Sputnik – The top IRGC official said nations in the region provide enough security and should something happen, those countries will “come crashing” down on a perpetrator’s head. However, the official downplayed the possibility of an all-out conflict.
A US military maritime coalition in the Persian Gulf will never come to fruition, just like the previous ones did, Brigadier General Yadollah Javani, the Islamic Revolutionary Guards Corps (IRGC) deputy commander said Friday.
“The enemy should know that it cannot do anything. As have its previous coalitions, this one, too, will definitely go to rack and ruin and fail to materialize,” he said, according to Iran’s Fars news agency.
According to Javani, security in the Gulf region is already provided by its nations, including Iran and its armed forces.
“If they choose to perpetrate a blunder someday, the entire region will come crashing on their heads,” he said, adding that he does not believe Washington has serious plans to attack Iran.
Javani commented on the recent downing of a US drone, which culminated a period of rising tensions between the US and Iran over President Donald Trump’s “maximum pressure policy.” The drone was shot down by an Iranian anti-aircraft missile after it violated Iranian airspace.
According to Javani, if the US drone had been downed using a Russian-built advanced S-300 or S-400 air defense system, its downing could not have been rated as “a source of pride,” Fars report reads.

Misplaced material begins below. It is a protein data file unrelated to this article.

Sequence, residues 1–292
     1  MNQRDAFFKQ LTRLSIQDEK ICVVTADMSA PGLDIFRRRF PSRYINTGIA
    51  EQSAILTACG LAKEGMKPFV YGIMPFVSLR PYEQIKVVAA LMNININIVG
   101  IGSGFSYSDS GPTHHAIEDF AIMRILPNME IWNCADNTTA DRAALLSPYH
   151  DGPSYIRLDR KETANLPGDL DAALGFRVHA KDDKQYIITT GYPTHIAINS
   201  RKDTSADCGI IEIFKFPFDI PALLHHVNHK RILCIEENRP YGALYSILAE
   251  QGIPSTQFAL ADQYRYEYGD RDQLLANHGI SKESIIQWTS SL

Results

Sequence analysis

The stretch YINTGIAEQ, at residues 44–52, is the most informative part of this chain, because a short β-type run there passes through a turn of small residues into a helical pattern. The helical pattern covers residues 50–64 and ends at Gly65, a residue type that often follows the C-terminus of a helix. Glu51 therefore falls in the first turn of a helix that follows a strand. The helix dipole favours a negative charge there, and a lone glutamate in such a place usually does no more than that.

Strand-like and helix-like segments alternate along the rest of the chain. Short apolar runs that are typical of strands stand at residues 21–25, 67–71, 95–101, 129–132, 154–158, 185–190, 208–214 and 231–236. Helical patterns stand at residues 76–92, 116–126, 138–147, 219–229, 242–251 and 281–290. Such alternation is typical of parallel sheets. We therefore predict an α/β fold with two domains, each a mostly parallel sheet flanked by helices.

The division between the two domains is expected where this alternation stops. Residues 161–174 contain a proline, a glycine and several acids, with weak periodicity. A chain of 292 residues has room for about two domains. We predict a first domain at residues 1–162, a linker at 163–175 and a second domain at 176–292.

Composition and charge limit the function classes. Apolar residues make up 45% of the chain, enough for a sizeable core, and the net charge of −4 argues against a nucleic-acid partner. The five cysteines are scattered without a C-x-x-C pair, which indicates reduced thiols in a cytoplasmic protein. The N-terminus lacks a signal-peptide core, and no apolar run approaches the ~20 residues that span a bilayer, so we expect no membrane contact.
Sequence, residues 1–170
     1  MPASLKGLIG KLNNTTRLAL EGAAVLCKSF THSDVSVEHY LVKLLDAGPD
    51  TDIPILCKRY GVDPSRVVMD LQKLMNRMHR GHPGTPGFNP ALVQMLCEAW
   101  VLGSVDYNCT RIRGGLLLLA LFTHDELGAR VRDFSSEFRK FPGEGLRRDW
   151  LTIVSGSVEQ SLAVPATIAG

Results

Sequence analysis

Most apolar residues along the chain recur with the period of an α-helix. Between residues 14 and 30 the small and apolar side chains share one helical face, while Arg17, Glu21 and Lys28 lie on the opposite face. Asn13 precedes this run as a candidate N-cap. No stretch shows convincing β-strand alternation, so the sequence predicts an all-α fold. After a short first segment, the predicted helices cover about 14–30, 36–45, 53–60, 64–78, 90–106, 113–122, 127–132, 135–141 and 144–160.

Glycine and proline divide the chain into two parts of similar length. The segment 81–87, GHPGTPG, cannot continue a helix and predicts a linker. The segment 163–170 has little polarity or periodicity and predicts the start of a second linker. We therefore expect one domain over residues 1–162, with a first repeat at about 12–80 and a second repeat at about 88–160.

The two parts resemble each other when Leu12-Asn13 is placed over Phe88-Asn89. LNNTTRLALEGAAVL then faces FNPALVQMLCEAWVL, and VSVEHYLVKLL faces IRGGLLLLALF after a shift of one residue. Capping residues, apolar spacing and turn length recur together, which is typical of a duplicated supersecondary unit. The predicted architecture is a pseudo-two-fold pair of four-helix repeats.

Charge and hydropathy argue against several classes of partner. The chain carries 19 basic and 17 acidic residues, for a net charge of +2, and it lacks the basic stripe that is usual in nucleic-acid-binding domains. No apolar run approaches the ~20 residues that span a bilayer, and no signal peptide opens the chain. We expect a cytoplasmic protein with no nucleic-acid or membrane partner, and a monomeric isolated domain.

“But this masterpiece of American technology, which is reputed for being radar-evasive and stealth in action, was hunted down by an indigenous [Iranian] defense system dubbed Khordad-3,” he said.
In July, British Marines and Gibraltar authorities seized an Iranian tanker, claiming it was heading to Syria in violation of international sanctions imposed on Damascus. Iran condemned the move, calling it “piracy.” Shortly thereafter, Iran seized the British-flagged tanker Stena Impero, claiming it was underway without its recognition beacon, in violation of international maritime regulations.
Early in July, the US floated the idea of creating a maritime coalition to patrol the Strait of Hormuz, in a bid to “ensure the freedom of navigation.” Washington invited several of its allies, but received a mixed response. Japan denied that it would take part in the mission, while Berlin sent conflicting signals. Belgium and Norway remain on the fence, while the UK said it intended to launch its own European protection coalition.